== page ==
School Construction Overview

Background

School Construction Overview
New school construction, rehabilitation and expansion efforts focus on creating a child-centered learning environment that reduces overcrowding and minimize barriers to access.

 

Currently, poor learning environments, in part caused by inadequate physical infrastructure, compromise the quality of education in Jordan. Many students learn in overcrowded classrooms and schools, particularly in urban areas. Due to the influx of Syrian refugees, the situation has worsened. Moreover, many schools are in need of repair, updated facilities, and new equipment. Deterioration of infrastructure is intensified by overuse and misuse.

USAID/Jordan's education strategy is designed to help the performance of Jordan's education system by improving early grade literacy and numeracy, providing professional development for educators, presenting opportunities for out-of-school and at‐risk youth, improving psychosocial school environments to reduce drop‐out rates, and expanding community involvement. However, meeting all these objectives requires an environment with adequate and well-maintained physical structures that is supplied with effective teaching materials and equipment.

In August 2006, USAID launched the Jordan School Construction and Rehabilitation Project (JSP). The project’s primary mandate was to reduce overcrowding in public schools, replace rented and double-shifted schools and provide a safe and more suitable school environment that responds to the needs of the MOE’s reform efforts.

JSP established new school design concepts and guidelines to improve the school environment. JSP focused on developing designs that would respond effectively to school needs, while at the same time having a forward-looking vision in terms of future and upcoming education trends, especially in the use of technology and project based learning. Since 2009, 28 new schools have been constructed and equipped and 117 school rehabilitations and expansions completed.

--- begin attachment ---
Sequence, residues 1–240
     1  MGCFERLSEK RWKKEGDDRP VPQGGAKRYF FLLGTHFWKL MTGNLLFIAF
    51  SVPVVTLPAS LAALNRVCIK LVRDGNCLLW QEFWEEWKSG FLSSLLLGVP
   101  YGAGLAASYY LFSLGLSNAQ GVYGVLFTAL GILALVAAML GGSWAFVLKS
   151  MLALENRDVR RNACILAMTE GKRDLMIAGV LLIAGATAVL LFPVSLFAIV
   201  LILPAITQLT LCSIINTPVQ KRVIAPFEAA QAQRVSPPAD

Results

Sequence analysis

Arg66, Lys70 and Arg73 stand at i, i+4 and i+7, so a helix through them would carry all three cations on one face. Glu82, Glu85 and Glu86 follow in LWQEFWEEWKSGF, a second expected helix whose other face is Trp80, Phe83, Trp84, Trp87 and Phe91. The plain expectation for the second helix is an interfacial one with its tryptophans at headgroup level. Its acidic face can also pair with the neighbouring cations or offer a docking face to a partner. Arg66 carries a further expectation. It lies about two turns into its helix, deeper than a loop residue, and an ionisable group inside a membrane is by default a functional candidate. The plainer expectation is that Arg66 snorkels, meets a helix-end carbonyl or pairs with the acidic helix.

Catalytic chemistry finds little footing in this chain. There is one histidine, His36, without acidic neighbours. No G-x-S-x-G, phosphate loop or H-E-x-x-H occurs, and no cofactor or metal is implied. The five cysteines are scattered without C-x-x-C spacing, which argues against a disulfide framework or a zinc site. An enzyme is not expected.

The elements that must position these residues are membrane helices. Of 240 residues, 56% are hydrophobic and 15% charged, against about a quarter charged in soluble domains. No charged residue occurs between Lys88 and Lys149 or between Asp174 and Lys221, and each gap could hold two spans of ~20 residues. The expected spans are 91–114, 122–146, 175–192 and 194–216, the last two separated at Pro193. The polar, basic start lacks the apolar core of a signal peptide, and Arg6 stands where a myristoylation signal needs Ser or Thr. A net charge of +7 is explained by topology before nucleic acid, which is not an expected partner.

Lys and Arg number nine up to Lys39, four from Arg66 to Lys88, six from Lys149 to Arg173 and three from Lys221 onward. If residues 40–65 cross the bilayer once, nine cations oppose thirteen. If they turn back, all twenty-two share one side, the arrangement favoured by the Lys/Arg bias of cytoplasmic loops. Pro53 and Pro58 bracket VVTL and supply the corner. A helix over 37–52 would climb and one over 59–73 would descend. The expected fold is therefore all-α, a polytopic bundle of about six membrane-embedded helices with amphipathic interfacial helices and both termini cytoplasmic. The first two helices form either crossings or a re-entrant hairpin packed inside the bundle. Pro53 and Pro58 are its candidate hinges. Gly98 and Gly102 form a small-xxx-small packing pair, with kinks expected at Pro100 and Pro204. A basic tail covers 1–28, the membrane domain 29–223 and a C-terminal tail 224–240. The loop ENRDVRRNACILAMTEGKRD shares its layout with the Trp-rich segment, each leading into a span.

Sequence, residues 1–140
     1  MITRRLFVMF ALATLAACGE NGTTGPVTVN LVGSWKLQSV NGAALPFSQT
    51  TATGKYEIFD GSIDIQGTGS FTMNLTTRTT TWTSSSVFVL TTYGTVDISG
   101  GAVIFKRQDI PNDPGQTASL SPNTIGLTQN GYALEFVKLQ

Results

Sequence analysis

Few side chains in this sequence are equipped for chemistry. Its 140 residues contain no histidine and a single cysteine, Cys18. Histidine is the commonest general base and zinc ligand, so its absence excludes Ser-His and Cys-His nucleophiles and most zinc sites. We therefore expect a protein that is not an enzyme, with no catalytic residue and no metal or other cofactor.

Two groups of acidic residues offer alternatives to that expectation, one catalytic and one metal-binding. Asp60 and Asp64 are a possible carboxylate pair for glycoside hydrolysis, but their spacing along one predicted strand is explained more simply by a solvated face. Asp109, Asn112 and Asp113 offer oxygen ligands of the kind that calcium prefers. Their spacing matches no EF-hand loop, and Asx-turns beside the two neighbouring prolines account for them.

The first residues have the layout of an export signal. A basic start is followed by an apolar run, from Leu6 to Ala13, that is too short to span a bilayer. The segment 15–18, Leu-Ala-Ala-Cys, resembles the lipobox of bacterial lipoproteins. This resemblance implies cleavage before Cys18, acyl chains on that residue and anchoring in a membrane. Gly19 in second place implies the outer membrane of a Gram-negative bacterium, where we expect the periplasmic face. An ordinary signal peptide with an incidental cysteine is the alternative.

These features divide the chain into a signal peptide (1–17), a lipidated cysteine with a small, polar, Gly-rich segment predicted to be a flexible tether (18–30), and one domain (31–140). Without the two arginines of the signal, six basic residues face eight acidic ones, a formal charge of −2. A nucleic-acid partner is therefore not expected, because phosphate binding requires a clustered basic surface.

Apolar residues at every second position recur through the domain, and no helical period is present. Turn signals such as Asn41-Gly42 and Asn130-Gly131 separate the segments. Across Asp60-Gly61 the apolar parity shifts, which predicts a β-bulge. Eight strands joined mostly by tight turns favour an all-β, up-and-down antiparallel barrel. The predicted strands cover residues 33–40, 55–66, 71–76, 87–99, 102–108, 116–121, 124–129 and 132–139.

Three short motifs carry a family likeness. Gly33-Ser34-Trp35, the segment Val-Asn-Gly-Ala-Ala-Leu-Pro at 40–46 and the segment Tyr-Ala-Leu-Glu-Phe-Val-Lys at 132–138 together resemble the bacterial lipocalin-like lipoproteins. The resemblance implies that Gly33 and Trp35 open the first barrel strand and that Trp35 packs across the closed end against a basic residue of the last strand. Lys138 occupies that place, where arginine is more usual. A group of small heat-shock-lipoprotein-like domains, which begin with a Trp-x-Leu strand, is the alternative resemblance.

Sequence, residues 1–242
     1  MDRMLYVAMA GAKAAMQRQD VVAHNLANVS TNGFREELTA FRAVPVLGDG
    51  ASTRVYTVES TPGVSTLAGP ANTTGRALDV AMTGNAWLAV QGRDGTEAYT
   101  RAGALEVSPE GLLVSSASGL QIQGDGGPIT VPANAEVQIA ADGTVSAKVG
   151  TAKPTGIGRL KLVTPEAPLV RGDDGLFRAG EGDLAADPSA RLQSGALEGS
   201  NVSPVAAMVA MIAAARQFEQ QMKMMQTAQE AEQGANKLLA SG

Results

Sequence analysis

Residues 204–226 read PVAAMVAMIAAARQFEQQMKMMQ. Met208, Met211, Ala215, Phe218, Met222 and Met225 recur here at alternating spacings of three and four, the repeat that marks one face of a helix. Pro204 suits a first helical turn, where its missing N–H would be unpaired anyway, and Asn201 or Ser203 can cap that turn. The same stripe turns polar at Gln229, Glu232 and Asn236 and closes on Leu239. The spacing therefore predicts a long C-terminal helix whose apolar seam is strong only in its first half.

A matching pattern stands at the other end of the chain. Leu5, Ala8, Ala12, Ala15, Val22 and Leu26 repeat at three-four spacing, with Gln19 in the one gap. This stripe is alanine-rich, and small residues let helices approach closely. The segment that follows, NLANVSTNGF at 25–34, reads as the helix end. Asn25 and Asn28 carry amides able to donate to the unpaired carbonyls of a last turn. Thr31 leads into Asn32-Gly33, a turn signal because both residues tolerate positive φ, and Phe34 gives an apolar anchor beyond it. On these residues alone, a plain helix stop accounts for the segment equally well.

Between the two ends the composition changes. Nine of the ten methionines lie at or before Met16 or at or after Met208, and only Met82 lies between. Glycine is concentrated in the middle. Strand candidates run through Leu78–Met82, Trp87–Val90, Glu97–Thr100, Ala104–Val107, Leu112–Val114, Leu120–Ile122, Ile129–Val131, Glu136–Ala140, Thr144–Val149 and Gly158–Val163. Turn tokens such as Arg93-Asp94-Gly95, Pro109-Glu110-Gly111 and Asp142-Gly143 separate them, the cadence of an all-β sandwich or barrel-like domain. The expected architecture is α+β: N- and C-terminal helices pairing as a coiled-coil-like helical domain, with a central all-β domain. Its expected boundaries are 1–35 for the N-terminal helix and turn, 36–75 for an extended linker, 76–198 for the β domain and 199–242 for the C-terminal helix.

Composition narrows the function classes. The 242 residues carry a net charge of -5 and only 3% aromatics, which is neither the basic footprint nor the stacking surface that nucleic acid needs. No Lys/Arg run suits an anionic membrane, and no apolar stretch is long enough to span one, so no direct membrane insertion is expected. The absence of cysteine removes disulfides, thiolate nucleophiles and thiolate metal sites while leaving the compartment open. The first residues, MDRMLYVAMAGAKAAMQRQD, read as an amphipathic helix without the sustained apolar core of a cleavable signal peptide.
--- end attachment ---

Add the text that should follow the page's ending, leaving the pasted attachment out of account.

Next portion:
Activities

School Construction

 

USAID has developed three approaches to address these challenges. First, the Schools of Knowledge Economy Project (SKEP) will construct 25 new schools in overcrowded areas and will offer modern learning environments that facilitate the use of technology, student-centered learning, community and parental engagement and access for people with disabilities.

Second, the Jordan School Expansion Project (JSEP) will expand and improve existing schools to accommodate increased enrollment and enhance school functions. This will be achieved through the renovation and expansion of 120 MOE schools, construction of 300 public kindergarten classrooms and construction and/or renovation of 50 sports fields and facilities.

Third, the Learning Environment Improved Infrastructure Project (LEIIP) will renovate existing schools and improve the educational environment. The project will improve the functionality of 132 MOE schools across Jordan.

Achievements

Through the multiple USAID school construction projects, sports and recreation facilities – like the one at the Tenth Area Girls
Through the multiple USAID school construction projects, sports and recreation facilities – like the one at the Tenth Area Girls Secondary School in Aqaba pictured above – will be constructed to improve the school environment and youth and community space
  • Completed the construction and furnishing of 28 new schools with enhanced quality and learning features, as well as rehabilitated and expanded 117 existing public schools.
  • Improved the learning environment for more than 100,000 students attending 125 new or rehabilitated schools, and 12,180 kindergarten students in 609 renovated kindergarten classrooms.
  • Renovated playgrounds and/or provided sports kits at 100 schools, and provided life skills activities serving more than 20,000 students.

 

Last updated: May 26, 2017

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